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Linda Alessi: Food: a common denominator

Linda Alessi • Updated Dec 30, 2017 at 1:00 PM

The telephone rang!  My husband, Joe asked if it was okay to bring his friend to dinner this evening.  “Sure,” was my answer.  “Does he like spaghetti?”  “Of course, everyone likes spaghetti”, Joe replied.  His friend, Leo Podulsky commented that evening the aroma of garlic, basil and tomato reached him as he walked up the stairs to our apartment.  At the dinner table Leo had his first introduction to spaghetti “Italian style”.   He had a puzzled look on his face and then he told us his “bubba”  (Jewish grandmother) made noodles with ketchup and told him that was Italian spaghetti.  This was his first experience with Italian food.

This brought to mind the many different foods I had the pleasure of experiencing as I grew up. I can remember the pleasure of eating the first bagel.   Bagels remind me of a cold winter night when my brother Lou called to ask me to put up a pot of fresh coffee.  He would bring the hot bagels from the local bagel factory.  I think he enjoyed holding the bag of hot bagels that kept his hands warm.  Maybe he just loved bagels, since on a warm summer night he still would bring the bagels.  The fresh aroma of the bagels permeated the house.  Of course a smear of cream cheese or butter was a must on the bagel.  We enjoyed this ritual for many years and it never was an inconvenience.  Jewish immigrants brought this delectible treat from eastern Europe in the early 1900’s.  Whether we eat it for breakfast, lunch or with butter, cream cheese or with lox, it has become a favorite with most Americans today.

Pizza was made in almost every Italian home, bring the art of making the dough and adding he best ingredients of mozzarella cheese, tomatoes and olive oil and spices.  It became a most popular item eaten in neighborhood pizza parlors where people gathered to have a meal.  I can remember as a teenager a perfect date.  It was a cute boy, pizza a coke, and a movie at a local theater.

Every neighborhood that I can recall had a Chinese restaurant.  Here was an introduction to oriental cusine that brought together from different ethnic backgrounds to enjoy the preparation of ordinary meats, fish and vegetables in a new and exciting way.  Spices enhanced the combination of ingredients  that were new to many.  Few of us mastered eating with the chopsticks, but that never stopped us from enjoying the exotic food.  The highlight of the meal came at the end, when a small cookie was presented.  All this and our fortune too.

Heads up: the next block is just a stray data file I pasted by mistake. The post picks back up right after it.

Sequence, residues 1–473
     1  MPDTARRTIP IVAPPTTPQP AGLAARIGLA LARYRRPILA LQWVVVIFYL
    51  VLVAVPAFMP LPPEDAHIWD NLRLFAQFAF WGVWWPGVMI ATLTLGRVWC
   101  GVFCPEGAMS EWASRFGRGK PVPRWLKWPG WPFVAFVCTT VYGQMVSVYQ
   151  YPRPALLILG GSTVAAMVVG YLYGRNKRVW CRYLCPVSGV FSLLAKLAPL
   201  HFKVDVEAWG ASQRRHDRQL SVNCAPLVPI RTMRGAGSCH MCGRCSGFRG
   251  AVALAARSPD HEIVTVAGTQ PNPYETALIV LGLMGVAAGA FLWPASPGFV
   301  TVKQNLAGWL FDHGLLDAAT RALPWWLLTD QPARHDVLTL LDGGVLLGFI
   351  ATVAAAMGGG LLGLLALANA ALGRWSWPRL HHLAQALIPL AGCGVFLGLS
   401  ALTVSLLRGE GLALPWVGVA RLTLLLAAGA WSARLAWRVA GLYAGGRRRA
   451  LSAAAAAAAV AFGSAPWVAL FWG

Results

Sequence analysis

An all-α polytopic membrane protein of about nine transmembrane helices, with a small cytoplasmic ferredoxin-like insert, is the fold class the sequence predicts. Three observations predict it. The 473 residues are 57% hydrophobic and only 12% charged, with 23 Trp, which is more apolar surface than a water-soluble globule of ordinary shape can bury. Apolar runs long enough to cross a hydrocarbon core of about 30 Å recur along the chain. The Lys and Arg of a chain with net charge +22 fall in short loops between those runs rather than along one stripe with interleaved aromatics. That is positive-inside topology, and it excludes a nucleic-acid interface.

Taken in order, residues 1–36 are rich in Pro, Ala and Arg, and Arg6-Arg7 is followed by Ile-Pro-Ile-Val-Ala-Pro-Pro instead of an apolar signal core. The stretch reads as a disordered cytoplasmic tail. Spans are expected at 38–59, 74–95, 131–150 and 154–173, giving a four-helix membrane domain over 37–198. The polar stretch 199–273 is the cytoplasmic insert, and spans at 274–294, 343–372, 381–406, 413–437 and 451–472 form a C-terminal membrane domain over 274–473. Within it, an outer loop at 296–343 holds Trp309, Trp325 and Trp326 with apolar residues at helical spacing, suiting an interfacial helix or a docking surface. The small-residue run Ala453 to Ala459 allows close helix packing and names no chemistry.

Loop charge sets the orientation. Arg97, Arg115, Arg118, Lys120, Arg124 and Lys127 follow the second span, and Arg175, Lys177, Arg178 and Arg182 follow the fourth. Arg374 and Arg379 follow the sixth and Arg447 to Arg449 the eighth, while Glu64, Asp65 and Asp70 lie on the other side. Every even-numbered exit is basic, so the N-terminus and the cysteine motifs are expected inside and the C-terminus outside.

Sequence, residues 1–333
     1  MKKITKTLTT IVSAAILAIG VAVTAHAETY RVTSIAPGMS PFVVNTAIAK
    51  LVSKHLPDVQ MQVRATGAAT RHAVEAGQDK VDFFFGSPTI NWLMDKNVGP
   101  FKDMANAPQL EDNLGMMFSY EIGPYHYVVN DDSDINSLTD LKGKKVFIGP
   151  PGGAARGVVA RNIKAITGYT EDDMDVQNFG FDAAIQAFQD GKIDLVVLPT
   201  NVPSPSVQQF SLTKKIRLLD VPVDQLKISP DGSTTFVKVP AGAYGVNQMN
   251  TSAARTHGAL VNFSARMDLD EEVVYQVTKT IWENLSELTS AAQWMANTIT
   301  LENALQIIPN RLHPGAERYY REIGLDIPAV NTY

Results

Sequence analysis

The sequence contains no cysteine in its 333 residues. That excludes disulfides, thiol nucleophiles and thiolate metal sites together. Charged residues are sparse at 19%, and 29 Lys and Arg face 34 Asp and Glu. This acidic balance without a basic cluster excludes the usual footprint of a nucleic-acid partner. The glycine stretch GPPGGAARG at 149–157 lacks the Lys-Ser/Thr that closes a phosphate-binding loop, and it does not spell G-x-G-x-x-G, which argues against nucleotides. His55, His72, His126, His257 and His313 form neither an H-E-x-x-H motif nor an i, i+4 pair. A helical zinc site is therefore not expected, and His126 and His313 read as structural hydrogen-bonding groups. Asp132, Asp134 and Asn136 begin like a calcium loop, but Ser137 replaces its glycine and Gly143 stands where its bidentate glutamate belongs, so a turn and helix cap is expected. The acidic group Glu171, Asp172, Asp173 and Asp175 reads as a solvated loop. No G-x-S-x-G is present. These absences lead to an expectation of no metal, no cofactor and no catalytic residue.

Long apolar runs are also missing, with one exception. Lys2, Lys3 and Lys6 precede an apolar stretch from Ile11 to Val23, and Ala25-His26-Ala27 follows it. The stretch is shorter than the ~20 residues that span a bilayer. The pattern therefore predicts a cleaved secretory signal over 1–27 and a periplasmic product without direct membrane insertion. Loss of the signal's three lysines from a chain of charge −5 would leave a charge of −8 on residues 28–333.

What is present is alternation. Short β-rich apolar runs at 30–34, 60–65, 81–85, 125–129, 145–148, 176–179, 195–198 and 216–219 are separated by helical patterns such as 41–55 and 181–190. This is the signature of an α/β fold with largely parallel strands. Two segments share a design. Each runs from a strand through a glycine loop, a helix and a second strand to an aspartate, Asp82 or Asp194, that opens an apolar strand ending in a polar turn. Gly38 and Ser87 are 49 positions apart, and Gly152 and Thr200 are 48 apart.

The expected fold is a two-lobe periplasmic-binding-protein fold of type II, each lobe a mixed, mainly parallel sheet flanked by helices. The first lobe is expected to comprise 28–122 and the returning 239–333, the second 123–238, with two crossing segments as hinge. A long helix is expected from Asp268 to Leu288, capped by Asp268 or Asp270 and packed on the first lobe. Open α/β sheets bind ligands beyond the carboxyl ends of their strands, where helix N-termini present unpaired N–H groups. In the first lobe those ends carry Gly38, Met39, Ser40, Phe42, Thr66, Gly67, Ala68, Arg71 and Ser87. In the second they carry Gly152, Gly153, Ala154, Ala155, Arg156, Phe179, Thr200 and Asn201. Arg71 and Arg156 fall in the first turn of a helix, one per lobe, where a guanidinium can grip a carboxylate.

Can you remember some of the unique specialties that we no longer see in our midst? When was the last time you enjoyed a Charlotte Russe, that delicious slice of sponge cake, a layer of jelly, topped with whipped cream and a cherry on top.  All of this was enclosed in a small, round white cardboard container that could be pushed up from the bottom as you ate it until the last piece of cake was devoured.  I can also remember many a tear was shed then the bottom was pushed too hard and the whole treat fell to the ground.

Remember the apple dipped in caramel or red candied coated attached to a stick.  As you ate it you hoped your loose tooth would not come out.

The most unique treat was the “Mellow Roll” found in Brooklyn.  This was ice cream shaped like a log that was placed in a rectangular cone with a round base bottom.   I would watch closely as  the paper wrapper around the ice cream was released and the ice cream log was placed carefully on the cone.

Today our country is a true melting pot.  We can enjoy delicious dishes from exotic places.  We have adapted our tastes to a myriad of foods and have become adventurers in the quest for even more varieties that are so readily available to us today.  Our integration of many cultures affords us authentic treats from places far away.  How fortunate we are to have this opportunity.

Many of us have the ability to taste foods from places around the world we may never have the opportunity to visit.  Today the range of international food has broadened.   The variety  and scope of foods from different parts of the world indicate to me that a kaleidoscope of national and cultural backgrounds can and do live in harmony.  Each culture has provided us with the pleasure ofa unique cuisine, bringing forth the universal pleasure of satisying the sense of taste.

As our life progresses we look back and remember the comfort foods of our day.  Some of them are specific to our own unique ethnic background, others are the introduction to new and different treats.   Food seems to be a common denominator.  The basic food groups are available, only our individual ethnic approach makes the presentation unique.  We have found a way to enjoy and be in harmony through our sense of taste, and share these common qualities.  With this in mind, surely people can bring forth other ways besides food to achieve the harmony we all hope and pray for.

Linda Alessi is a Lebanon Democrat contributing columnist writing about life in the younger years.

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